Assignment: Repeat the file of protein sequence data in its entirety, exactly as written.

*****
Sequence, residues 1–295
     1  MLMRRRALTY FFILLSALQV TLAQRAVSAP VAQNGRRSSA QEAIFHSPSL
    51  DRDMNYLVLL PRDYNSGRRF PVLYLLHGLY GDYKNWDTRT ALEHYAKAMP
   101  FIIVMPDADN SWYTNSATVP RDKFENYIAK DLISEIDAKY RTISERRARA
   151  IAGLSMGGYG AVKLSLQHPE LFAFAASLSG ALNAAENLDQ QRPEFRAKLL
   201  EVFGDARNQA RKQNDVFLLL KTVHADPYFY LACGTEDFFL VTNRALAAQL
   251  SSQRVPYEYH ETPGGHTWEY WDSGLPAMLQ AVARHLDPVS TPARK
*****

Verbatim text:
Sequence, residues 1–295
     1  MLMRRRALTY FFILLSALQV TLAQRAVSAP VAQNGRRSSA QEAIFHSPSL
    51  DRDMNYLVLL PRDYNSGRRF PVLYLLHGLY GDYKNWDTRT ALEHYAKAMP
   101  FIIVMPDADN SWYTNSATVP RDKFENYIAK DLISEIDAKY RTISERRARA
   151  IAGLSMGGYG AVKLSLQHPE LFAFAASLSG ALNAAENLDQ QRPEFRAKLL
   201  EVFGDARNQA RKQNDVFLLL KTVHADPYFY LACGTEDFFL VTNRALAAQL
   251  SSQRVPYEYH ETPGGHTWEY WDSGLPAMLQ AVARHLDPVS TPARK